|Name:||Indian Shrimp||Contributor:||Martin Golding|
|Key words:||shrimp, Indian||Category:||Main Dishes|
|Ingredients:||1 lb shrimp, shelled and deveined, leave the tails on
1 Tbsp mustard seeds
1/2 tsp turmeric powder
mustard oil, just enough to sautee the shrimp
1/3 tsp nigella seeds
1/2 tsp salt, or to taste
cayenne pepper powder, modest pinch; Jaffrey says 1/2 tsp
2 or 3 Serrano hot green peppers, if you feel so inclined
|Preparation:||Grind the mustard seeds to a powder, and mix it with some water, between
half a cup and a cup, depending on how thick a sauce you want at the end.
Toss the shrimp with the turmeric. Set aside.
Heat the oil in a shallow pan. Add the nigella; allow to sizzle for a few
Add the shrimp, cook till about half done. A minute or two is plenty.
Add the mustard slurry, the green peppers if you plan to use them, and the
salt, cook for a few minutes, and you are done. Two or three minutes
should be plenty if the sauteeing was done well.
1. Ideally, the shrimp should be respectably sized.
2. Grind the mustard to a powder using a coffee grinder.
3. The orthodox preparation uses mustard oil. If you don't have it,
feel free to use any oil which does not have too much flavour of its
own. You will lose some flavour, but it will still be fine, and, if
you are not going to get the flavour of mustard oil, avoid imposing the
flavour of some other oil. This is, after all, a mustard based recipe.
4. Handle the serrano peppers as suits your tastes. My preference is to
slice them in half lengthwise, and to remove the seeds.
If you plan to serve this with rice, let the sauce be fairly fluid. If you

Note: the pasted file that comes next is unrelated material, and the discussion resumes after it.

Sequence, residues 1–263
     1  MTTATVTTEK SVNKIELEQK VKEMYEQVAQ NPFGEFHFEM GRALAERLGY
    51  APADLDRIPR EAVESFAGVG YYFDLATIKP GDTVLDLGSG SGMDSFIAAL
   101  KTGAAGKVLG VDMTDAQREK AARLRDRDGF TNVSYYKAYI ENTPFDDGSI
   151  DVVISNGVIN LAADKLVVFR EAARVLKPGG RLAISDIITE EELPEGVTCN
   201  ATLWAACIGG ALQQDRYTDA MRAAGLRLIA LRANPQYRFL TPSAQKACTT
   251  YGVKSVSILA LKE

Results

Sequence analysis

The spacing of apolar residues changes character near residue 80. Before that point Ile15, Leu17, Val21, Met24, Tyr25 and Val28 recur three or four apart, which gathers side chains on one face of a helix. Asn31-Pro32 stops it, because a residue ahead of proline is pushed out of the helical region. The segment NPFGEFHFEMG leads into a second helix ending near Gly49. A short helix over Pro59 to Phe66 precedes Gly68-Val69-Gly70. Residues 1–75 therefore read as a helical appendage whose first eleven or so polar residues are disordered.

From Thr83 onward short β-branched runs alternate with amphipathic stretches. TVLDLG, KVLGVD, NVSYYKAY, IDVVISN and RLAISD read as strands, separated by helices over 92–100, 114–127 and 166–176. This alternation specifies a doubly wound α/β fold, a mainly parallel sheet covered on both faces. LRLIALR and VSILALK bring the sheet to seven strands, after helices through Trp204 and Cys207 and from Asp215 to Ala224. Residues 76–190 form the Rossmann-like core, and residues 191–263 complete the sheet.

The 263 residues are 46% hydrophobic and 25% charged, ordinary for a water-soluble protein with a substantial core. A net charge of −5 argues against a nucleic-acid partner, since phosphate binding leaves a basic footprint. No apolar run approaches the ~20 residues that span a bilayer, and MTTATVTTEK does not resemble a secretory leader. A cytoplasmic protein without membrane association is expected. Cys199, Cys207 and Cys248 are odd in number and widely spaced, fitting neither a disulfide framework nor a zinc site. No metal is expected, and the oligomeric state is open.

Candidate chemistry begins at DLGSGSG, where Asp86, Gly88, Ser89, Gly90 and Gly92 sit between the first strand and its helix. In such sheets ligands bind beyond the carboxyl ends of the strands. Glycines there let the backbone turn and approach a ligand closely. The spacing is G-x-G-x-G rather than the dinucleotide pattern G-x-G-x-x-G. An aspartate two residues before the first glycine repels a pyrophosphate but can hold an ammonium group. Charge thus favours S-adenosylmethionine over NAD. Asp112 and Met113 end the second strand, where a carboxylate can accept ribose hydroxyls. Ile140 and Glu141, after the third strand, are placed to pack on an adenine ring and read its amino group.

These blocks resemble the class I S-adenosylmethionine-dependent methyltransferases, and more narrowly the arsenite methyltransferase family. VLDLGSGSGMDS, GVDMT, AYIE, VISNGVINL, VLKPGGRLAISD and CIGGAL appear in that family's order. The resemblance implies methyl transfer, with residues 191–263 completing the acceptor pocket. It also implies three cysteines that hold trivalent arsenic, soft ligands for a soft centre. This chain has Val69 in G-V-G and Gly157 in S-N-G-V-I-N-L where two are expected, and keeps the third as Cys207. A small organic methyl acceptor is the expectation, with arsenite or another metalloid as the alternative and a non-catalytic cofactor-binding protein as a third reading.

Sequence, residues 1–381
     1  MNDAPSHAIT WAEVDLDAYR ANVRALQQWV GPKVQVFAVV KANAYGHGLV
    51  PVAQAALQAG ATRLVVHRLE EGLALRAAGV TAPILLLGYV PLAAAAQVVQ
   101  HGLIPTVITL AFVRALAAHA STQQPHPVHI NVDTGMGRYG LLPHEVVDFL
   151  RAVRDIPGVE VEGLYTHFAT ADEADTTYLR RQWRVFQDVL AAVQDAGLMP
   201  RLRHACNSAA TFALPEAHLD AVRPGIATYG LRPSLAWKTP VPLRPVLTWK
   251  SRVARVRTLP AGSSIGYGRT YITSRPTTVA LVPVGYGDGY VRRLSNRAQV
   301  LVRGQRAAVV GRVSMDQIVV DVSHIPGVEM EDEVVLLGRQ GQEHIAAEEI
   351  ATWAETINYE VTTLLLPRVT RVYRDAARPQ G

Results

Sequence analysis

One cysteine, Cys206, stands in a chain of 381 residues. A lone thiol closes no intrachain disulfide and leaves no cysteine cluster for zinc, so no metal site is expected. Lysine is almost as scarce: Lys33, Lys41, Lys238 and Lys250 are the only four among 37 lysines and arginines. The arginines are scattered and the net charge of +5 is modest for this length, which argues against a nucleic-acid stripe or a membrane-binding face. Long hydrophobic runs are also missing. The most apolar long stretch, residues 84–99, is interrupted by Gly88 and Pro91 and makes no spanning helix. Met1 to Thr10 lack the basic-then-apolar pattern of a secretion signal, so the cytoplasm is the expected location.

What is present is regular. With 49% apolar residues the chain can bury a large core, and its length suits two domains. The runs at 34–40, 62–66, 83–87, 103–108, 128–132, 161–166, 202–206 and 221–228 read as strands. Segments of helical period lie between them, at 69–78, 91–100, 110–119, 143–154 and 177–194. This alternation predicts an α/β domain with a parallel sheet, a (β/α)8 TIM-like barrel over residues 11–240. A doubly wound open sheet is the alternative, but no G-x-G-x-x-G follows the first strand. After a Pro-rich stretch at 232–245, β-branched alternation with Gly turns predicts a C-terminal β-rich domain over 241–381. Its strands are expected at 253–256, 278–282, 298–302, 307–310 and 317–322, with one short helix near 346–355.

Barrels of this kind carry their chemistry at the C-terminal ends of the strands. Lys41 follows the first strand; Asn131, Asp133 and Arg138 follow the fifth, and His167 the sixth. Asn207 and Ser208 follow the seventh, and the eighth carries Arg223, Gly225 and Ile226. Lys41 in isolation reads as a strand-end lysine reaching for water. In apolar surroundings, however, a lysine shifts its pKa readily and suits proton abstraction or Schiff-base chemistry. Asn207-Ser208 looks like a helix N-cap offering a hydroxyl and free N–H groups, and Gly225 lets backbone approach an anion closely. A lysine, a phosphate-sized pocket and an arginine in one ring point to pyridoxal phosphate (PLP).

plan to serve it with bread, make it thicker, either by boiling it down,
or by using less water to start. Since shrimp is easy to overcook, it is
probably best to just use less water. Mustard, incidentally, contains
thickening agents, specifically gums.
A thick implementation may be overwhelmingly mustardy.
Since shrimp does not go very far in a gathering of enthusiasts, I will
refrain from estimating how many this will serve. Quite low single digits,
You can cook the same basic dish in a double boiler. Skip the nigella (my
opinion), and use perhaps 2 tbsp mustard oil. Mix all the ingredients
together and cook in a double boiler for about 20-30 minutes, depending on
your particular conditions.
Sometimes coconut water gets used instead of the water. And shredded
coconut is sometimes added.
Madhur Jaffrey's "A Taste of India" has a recipe essentially identical to
this one, which she identifies as having been received from a Bengali. I
don't usually bother to measure things, but since many people do, I have
cheerfully appropriated quantitative information from her recipe.
Hence the acknowledgment.
Incidentally, Jaffrey uses whole dried cayenne peppers. I don't. So I have
If you cook this right, and eat a good bit of it, you should automagically
be able to understand Bengali. That's how classically Bengali this is.
Jaffrey also recommends the use of mixtures of purple Indian mustard and
yellow western mustard, to attenuate the slight bitter undertone of
Indian mustard. Some people will probably find this useful. If you wind up
doing this, scale the mustard up a bit. Yellow mustard is much milder.